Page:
Tips for the Issue Task
You are free to organize and develop your response in any way you think will enable you to effectively communicate your ideas about the issue. Your response may incorporate particular writing strategies learned in English composition or writing-intensive college courses. GRE® readers will not be looking for a particular developmental strategy or mode of writing; in fact, when GRE readers are trained, they review hundreds of Issue responses that, although highly diverse in content and form, display similar levels of critical thinking and persuasive writing.
Readers will see some Issue responses at the 6 score level that begin by briefly summarizing the writer's position on the issue and then explicitly announcing the main points to be argued. They will see others that lead into the writer's position by making a prediction, asking a series of questions, describing a scenario or defining critical terms in the quotation. The readers know that a writer can earn a high score by giving multiple examples or by presenting a single, extended example. Look at the sample Issue responses, particularly at the 5 and 6 score levels, to see how other writers have successfully developed and organized their arguments.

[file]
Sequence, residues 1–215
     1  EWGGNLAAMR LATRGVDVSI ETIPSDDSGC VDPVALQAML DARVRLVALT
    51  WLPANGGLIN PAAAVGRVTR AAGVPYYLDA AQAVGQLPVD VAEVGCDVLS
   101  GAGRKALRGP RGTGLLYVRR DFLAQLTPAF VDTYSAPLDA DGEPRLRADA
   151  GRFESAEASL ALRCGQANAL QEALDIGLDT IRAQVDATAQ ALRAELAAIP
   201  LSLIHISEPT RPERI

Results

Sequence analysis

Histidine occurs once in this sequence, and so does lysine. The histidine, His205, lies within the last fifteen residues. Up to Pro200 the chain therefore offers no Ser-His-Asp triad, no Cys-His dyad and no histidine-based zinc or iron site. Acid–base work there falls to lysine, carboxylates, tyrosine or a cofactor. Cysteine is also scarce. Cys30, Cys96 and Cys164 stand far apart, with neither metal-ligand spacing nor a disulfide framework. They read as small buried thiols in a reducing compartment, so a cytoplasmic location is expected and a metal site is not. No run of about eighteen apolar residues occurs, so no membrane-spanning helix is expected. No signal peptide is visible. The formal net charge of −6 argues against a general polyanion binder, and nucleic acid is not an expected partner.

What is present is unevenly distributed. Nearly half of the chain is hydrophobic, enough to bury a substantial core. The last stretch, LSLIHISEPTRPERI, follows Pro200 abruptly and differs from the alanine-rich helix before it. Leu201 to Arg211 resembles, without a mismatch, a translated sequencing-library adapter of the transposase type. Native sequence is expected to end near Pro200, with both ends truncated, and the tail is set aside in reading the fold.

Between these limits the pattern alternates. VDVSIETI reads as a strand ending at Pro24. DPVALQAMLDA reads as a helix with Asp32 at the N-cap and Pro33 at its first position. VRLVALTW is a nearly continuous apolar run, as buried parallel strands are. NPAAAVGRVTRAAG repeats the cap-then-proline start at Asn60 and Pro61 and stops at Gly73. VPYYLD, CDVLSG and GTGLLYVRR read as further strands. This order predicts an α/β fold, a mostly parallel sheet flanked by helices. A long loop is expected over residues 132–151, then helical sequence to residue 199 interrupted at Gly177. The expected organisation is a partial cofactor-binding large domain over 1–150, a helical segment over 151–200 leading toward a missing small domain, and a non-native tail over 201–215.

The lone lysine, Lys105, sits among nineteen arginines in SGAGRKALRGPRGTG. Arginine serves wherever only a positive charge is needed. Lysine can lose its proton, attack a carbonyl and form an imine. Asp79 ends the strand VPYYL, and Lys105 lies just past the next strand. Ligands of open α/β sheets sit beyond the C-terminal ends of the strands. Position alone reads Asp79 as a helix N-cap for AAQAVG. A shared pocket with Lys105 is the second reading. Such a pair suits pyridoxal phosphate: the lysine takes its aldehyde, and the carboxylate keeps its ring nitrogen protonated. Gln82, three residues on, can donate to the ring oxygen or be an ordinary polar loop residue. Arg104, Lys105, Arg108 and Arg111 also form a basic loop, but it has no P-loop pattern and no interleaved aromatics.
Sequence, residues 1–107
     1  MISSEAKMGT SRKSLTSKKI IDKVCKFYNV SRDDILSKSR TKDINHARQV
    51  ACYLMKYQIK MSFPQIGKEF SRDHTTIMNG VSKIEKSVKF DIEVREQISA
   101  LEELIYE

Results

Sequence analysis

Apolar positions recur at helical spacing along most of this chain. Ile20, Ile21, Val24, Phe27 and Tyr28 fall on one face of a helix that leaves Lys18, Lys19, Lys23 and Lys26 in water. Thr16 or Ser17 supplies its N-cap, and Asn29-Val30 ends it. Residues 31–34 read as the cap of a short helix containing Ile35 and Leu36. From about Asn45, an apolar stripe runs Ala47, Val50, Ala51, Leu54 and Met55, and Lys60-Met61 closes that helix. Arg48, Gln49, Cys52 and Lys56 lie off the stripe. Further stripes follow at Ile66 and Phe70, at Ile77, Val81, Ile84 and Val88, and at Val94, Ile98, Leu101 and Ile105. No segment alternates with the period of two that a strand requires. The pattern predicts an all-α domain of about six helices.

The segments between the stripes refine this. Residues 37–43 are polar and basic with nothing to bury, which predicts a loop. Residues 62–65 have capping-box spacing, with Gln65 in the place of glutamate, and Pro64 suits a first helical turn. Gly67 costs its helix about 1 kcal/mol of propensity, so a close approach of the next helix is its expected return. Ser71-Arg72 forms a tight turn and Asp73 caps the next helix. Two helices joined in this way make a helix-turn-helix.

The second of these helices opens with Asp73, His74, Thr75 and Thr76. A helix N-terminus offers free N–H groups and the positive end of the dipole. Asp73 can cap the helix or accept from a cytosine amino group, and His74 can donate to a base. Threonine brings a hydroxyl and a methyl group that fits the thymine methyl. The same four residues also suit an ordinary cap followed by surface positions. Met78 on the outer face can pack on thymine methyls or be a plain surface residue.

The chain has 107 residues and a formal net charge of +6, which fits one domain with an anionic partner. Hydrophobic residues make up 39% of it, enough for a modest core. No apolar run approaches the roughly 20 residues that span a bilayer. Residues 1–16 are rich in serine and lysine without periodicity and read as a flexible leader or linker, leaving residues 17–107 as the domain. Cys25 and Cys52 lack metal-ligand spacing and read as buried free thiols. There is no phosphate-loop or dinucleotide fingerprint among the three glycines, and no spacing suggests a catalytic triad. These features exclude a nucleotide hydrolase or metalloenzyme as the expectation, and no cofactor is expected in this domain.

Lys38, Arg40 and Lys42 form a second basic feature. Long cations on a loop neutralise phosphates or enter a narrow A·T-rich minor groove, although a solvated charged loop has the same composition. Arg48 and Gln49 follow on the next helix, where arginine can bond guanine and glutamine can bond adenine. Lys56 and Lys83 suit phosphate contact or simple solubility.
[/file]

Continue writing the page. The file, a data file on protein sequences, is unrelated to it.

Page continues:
You should use as many or as few paragraphs as you consider appropriate for your argument; e.g., you will probably need to create a new paragraph whenever your discussion shifts to a new cluster of ideas. What matters is not the number of examples, the number of paragraphs or the form your argument takes, but the cogency of your ideas about the issue and the clarity and skill with which you communicate those ideas to academic readers.
Register for the GRE revised General Test
Show schools only the scores you want them to see — only with the ScoreSelect® option.
With two full-length, simulated practice tests for the computer-delivered GRE revised General Test. Download it today for Mac® or PC!
Get more questions! New Verbal & Quant Guides with 150 never-before-published questions each.